Michaels: I’m glad you feel that way. To me, Lev seemed instantly likeable: a brilliant and irrepressible scientist, with a sense of humor, a sense of poetry, a soft, sentimental side. Also, he does kung fu. I took care not to make him too precious, too quirky, but for me the work wasn’t to inspire readers’ empathy—it was to challenge it. The way I imagined Part 1 was to introduce the readers to a character they liked, then gradually to make them question that value judgment: Do I really like this person? Do I believe in them? The turning point is a section where he meets an old friend in New Jersey. I wanted a small reveal there, a pivot. So by the end of Part 1 the reader thinks, perhaps: This guy’s an asshole. I hope he gets what’s coming to him.

And then, well, he does. Probably more, worse. I wondered if readers would feel a little regretful, later, that they had wished ill on him.

Rumpus: That’s a great answer, Sean. And it makes me think about the love story in the book, Lev and Clara. I might be stretching here, but I think there’s a parallel to be drawn between their one-sided affection and the theremin itself. The theremin is an instrument that the performer plays without actually touching, and so is most of the book’s love story—Lev doesn’t touch Clara, not really, and yet he holds her in such esteem. Can you speak to that?

Michaels: All of music’s like that. This invisible sending, pushed out into the air. A musician strums or bangs on or blows into a device, hoping or trusting that the listener feels something, that the listening crowd all feel the same thing. And us with our lovers, too: we send out these weightless signals, desires and dreams, and long for them to be received.

The theremin falls somewhere in between. An invisible, asking sound; but without even that banging, strumming, blowing. Just raised hands.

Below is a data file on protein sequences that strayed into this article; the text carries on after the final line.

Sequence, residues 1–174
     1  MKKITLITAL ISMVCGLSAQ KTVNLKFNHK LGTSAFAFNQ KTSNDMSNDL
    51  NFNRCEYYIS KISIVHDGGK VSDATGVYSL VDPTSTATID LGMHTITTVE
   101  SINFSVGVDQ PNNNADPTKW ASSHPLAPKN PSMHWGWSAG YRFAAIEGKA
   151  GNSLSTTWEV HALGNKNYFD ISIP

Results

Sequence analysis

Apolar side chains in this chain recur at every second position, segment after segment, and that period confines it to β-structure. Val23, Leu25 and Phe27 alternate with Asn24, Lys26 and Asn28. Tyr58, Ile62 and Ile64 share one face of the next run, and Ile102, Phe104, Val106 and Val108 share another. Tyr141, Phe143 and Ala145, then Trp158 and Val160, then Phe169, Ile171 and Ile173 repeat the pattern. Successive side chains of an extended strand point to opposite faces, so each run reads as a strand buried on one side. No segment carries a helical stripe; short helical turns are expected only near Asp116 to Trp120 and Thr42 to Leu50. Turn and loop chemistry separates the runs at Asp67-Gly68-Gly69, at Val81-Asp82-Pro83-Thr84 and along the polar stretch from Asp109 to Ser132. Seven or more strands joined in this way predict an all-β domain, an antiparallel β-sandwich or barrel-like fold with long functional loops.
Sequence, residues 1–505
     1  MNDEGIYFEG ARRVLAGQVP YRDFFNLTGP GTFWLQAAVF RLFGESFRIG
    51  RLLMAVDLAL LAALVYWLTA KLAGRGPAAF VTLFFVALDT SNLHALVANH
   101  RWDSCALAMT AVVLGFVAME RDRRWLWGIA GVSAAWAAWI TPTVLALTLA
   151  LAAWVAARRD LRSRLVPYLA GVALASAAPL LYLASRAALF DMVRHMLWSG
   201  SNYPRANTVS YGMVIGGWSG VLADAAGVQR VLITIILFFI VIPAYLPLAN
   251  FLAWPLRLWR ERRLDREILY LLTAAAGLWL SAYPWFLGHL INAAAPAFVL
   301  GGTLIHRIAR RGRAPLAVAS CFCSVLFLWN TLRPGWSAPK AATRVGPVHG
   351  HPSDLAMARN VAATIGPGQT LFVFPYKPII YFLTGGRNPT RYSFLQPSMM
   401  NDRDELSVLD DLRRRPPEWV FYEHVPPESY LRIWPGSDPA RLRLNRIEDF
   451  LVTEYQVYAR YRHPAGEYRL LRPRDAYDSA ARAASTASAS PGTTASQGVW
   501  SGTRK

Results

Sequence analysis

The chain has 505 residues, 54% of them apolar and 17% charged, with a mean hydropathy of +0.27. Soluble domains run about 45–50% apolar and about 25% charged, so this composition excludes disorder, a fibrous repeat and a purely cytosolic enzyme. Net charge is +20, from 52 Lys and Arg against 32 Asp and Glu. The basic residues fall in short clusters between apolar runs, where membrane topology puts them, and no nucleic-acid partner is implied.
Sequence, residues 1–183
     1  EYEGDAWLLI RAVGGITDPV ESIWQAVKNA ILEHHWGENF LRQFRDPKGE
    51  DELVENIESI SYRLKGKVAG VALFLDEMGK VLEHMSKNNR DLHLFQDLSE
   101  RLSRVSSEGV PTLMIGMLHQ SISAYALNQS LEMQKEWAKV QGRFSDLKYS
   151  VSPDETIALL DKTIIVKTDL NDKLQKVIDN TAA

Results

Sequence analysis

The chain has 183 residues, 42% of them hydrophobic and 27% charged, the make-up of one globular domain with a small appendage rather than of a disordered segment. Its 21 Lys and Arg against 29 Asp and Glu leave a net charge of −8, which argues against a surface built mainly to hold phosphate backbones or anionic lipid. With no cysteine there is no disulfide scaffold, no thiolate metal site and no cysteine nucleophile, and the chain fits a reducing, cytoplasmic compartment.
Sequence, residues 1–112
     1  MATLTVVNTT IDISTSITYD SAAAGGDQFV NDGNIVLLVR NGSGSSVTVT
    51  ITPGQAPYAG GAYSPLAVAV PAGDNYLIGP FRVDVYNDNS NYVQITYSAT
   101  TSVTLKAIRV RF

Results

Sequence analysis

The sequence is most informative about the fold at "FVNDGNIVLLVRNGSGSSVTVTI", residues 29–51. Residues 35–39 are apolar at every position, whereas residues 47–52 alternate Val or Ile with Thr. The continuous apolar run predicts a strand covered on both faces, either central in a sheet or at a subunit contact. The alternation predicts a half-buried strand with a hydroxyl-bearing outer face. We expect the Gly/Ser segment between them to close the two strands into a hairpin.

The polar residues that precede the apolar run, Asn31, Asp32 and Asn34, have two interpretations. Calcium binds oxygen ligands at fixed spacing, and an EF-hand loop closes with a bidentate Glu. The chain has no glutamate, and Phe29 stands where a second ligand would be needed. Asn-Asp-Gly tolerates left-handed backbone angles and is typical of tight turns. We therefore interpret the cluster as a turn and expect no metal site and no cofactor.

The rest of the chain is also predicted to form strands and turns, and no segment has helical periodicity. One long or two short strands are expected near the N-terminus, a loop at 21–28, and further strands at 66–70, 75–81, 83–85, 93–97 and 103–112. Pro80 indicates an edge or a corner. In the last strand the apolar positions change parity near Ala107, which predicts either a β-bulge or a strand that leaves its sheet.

Rumpus: It’s cool to see how your background in music has informed the book’s motifs, its worldview. Were you consciously leaning on anything from all your work with Said the Gramophone? I ask because describing music on the page is such a difficult task, and it’s made double-difficult in Us Conductors by the odd sounds of the theremin.

Michaels: Nothing conscious, I don’t think. But I have definitely spent many years experimenting with different ways of writing about music.

Rumpus: The book has a postscript at the ending. Can you tell us about that structural decision? Why is it a PS and not just its own chapter?

Michaels: The postscript came out of a conversation with my agent, after Us Conductors had already been through several drafts. The novel deliberately falls away in its final pages; it was important to me that Lev’s last sentences feel unanswered, kinda unfulfilled. But I decided there was a value to adding something more—a breath, a pause, a few piano notes to take us out from the past and into our present, where the reader is left when the book is done. Also maybe to preclude the reader’s immediate spellbreaking Wikipedia-ing of “What happened next?!”

I knew this couldn’t be from Lev’s perspective—that would be too syrupy or on-the-nose. So: a postscript. And an attempt to make the postscript’s ellipses more important than its text.

Joshua Mohr is the author of five novels, most recently “All This Life.” More from this author →